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Predicting the Strength of Planetary Surfaces


Harmon, John Michael (2022) Predicting the Strength of Planetary Surfaces. Dissertation (Ph.D.), California Institute of Technology. doi:10.7907/r9zm-kp19.


Our curiosity and spirit for exploration has fueled advancements towards visiting Earth's neighbors in the solar system. Environments outside of Earth are extreme, however, and it is far from guaranteed that landing and operating on the surface of these bodies is an easy task. Conditions such as reduced gravity, extreme temperatures and sparse atmospheres play a role in the compressive, shear, and tensile strength of a surface. These environmental factors make experiments that work to inform design decisions for spacecraft-surface interaction difficult and expensive. In order to better ensure successful mission operations in the future, this thesis focuses on the development of a platform of numerical modeling for planetary surface interaction.

Dry regolith and water ice are two surface materials that are pervasive in the solar system. For each, the mechanical properties are heavily reliant on features at the microscale that are insufficiently modeled. The first part of the thesis will focus on crushable dry regolith. There will be two chapters on this topic, the first of which discusses the development of the modeling capability to capture both the highly irregular particle shapes and the brittle nature of regolith. The second chapter on regolith will focus on the validation of this method on a crushable sand sample experiment. This model demonstrates excellent predictive capability for the constituitive relationship, the evolution of particle sizes, and the evolution of particle shape in the sample. Further, evidence from the forces between the particles shows that despite larger particles being weaker on average, many survive due to two reasons. One, the surviving particles are generally on the stronger side of the particle strength distribution, and second, that larger particles have a higher coordination number producing a more isotropic stress state in the particle.

Unlike dry regolith, distinct neighboring water ice particles will sinter together over time at varying rates depending on their environment. This leads to a large amount of the water ice surfaces that are of interest to future missions, having a highly varied and many times unknown levels of strength. The contact interaction between water ice particles at the microscale will be handled the same as regolith, however a modification was added to account for sintering. The strong cohesiveness sintering generates is modeled by placing massless bonds where sinters would form. The cross-sectional area of the bond represents the amount of sintering that has taken place and can be thought of as a representation of the neck geometry that early stage sintering is described as. The bonds used are linear elastic and breakable in order to capture the crushable nature of porous ice. Three chapters are dedicated to ice modeling. First, the model development will be shown with verification examples for its use. Second, the model will be used to predict cone penetration tests on ice that were previously conducted in experiment. Comparisons show that the model can produce similar stresses and qualitative features observed in the experiment. A sensitivity analysis is conducted and shows that the most important controlling parameters are the ice’s critical strength and the sinter's neck thickness. The relation of the bond characteristics to the sintering process is discussed. In the third chapter on water ice, the landing of a footpad on the surface of Enceladus is modeled. The model predicts that a lack of sintering could result in catastrophic sinkage, however even moderate sintering provides enough strength to support a lander. Also the model predicts landing on inclined surfaces and shows that landing could be possible at angles as high as 20 degrees.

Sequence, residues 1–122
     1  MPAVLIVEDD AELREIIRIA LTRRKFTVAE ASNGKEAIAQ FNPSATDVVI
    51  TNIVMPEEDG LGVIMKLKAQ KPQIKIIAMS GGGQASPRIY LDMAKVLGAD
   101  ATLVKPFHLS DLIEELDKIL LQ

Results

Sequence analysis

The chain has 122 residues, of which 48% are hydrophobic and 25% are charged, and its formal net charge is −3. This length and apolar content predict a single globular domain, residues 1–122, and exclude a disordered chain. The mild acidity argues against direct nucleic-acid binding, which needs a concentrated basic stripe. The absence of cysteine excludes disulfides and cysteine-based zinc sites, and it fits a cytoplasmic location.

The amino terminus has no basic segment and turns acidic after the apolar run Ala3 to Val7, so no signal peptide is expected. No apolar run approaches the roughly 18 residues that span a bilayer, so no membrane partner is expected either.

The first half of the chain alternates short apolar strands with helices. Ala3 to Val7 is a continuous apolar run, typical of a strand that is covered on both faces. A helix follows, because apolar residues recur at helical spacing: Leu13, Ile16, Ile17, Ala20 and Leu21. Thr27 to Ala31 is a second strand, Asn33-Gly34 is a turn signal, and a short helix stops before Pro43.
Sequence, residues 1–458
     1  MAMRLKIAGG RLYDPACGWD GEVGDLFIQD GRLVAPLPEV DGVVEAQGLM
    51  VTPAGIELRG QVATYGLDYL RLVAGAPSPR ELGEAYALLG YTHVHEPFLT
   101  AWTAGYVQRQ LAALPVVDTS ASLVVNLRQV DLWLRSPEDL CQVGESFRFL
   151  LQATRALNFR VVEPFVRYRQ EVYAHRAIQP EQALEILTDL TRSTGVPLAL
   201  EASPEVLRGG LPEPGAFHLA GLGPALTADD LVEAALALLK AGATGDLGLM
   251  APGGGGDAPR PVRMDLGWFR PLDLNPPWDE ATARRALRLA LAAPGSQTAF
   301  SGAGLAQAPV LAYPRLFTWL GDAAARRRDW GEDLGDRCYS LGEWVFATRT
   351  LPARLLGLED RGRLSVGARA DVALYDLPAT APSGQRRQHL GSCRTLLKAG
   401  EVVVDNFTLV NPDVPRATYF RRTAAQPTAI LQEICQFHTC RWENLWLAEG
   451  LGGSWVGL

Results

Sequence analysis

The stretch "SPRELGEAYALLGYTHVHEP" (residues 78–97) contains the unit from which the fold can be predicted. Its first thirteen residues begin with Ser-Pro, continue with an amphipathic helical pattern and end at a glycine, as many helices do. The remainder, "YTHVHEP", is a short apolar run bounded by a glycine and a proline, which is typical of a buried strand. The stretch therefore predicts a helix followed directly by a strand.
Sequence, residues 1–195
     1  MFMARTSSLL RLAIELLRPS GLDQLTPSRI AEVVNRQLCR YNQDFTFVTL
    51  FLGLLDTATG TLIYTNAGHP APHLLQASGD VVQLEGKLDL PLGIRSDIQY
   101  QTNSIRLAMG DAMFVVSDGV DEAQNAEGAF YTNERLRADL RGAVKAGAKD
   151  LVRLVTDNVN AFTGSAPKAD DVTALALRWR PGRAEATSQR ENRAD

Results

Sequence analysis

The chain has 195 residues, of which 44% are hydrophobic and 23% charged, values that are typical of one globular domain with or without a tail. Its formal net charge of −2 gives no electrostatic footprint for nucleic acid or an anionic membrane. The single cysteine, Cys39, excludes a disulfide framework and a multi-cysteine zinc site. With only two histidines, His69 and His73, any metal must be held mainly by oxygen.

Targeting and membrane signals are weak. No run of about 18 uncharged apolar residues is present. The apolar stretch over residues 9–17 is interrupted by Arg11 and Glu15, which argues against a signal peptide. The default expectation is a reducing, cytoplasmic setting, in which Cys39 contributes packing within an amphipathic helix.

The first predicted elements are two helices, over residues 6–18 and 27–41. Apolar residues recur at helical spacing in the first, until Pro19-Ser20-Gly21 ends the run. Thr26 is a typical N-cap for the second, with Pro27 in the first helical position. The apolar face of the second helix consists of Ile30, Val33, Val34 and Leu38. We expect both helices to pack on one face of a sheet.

Item Type:Thesis (Dissertation (Ph.D.))
Subject Keywords:Breakage; Planetary Science; Ice Mechanics; Discrete Element Modeling
Degree Grantor:California Institute of Technology
Division:Engineering and Applied Science
Major Option:Applied Mechanics
Thesis Availability:Public (worldwide access)
Research Advisor(s):
  • Andrade, Jose E.
Thesis Committee:
  • Rosakis, Ares J. (chair)
  • Andrade, Jose E.
  • Ravichandran, Guruswami
  • Daraio, Chiara
Defense Date:13 September 2021
Non-Caltech Author Email:jmharmon125 (AT)
Funding AgencyGrant Number
Record Number:CaltechTHESIS:10152021-195617065
Persistent URL:
Related URLs:
URLURL TypeDescription adapted for chapter 2 adapted for chapter 4
Harmon, John Michael0000-0002-8323-3488
Default Usage Policy:No commercial reproduction, distribution, display or performance rights in this work are provided.
ID Code:14398
Deposited By: John Harmon
Deposited On:05 Nov 2021 16:24
Last Modified:04 Aug 2022 19:07

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